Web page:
Dr. Louis B. Wright, 84, a wryly witty scholar and prolific author admired for his candid observations on literature and life while serving for 20 years as director of the Folger Shakespeare Library here, died of cardiovascular disease Feb. 26 at his home in Chevy Chase.
As director of the Folger from 1948 until his retirement in 1968, Dr. Wright was credited with invigorating and expanding the activities of the institution, which is regarded as one of the world's principal research centers for the study of 16th and 17th century Western civilization.
In addition to his efforts toward making the Folger, with its prized collection of rare Elizabethan texts, into a lively center for scholarly research, Dr. Wright, a historian, also was known as a vigorous champion and thoughtful interpreter of Shakespeare and his plays.
Shakespeare, Dr. Wright once told an audience of businessmen and civic leaders "wrote for the box office and he kept both eyes on it."
On another occasion, he observed: "People think Shakespeare has survived because of a conspiracy of school teachers. I think it was in spite of school teachers."
As head of the Folger, Dr. Wright proved a constant target and formidable foe to those who sought to prove that someone other than Shakespeare wrote the plays credited to him.
Actually, Dr. Wright said, the identity of the author of the plays was relatively unimportant.
"The important thing to be remembered," he said, "is that truth does matter," and that the integrity of trained scholars would not let them "substitute fanciful theories and hypotheses for documentary evidence which has stood the test of centuries."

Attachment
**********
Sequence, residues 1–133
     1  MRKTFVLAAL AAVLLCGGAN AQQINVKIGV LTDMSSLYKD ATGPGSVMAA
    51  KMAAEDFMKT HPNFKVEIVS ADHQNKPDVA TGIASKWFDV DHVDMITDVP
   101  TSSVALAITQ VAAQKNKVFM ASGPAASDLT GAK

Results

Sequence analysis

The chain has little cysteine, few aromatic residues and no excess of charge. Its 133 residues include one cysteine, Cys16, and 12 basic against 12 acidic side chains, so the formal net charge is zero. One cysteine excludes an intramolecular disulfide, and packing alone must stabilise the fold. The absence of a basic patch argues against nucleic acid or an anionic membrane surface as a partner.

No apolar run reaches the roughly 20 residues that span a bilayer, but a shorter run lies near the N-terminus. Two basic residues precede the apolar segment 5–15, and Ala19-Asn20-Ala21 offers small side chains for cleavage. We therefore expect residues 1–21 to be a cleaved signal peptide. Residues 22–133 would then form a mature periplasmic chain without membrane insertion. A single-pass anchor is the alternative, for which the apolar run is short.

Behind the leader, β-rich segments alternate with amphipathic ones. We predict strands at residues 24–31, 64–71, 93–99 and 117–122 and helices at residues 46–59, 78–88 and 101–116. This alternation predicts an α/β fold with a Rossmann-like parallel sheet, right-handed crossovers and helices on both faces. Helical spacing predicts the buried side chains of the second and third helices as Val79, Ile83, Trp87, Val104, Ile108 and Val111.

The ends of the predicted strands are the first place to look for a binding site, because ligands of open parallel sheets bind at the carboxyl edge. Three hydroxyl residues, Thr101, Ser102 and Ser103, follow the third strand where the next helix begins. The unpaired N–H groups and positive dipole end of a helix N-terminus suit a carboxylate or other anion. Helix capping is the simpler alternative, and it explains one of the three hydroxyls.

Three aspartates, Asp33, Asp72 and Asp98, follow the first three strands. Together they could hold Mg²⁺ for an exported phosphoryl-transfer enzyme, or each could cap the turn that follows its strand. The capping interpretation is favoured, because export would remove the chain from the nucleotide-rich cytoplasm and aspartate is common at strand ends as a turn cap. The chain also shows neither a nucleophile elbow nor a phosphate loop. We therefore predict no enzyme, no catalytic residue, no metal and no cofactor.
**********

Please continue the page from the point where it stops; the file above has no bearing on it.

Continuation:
In many ways a traditionalist who deplored what he once called a contemporary "zeal for leveling down in education," Dr. Wright was undismayed by Shakespeare's failure to attend college.
"Diplomas don't make geniuses," he said.
As library director, he put out a newsletter that was cherished for its unpretentiousness. "This is merely an ephemeral report," he wrote in one, "...and is not designed to be preserved like Holy Writ. . . . When there is anything worth saying, we shall get out another newsletter."
The son of a schoolmaster in Greenwood County, S.C., Dr. Wright received a bachelor's degree in chemistry at Wofford College in Spartanburg, S.C. and after earning a doctorate from the University of North Carolina in 1926 taught English there for a number of years. He came to the Folger, on East Capitol Street, after 17 years as research professor at the Huntington Library in San Marino, Calif.
He served for varying periods as an officer of more than 20 professional and social groups, held more than two dozen honorary degrees and wrote more than 200 books, articles, papers and scholarly studies. He was editor of a complete set of Shakespeare's sonnets and plays, which were printed individually in paperback and sold in the millions.
Survivors include his wife, the former Frances Marion Black, of the home; a son, Louis Christopher, of Washington, and a brother, Thomas F. Jr, and a sister, Margaret Wright, both of Spartanburg, S.C.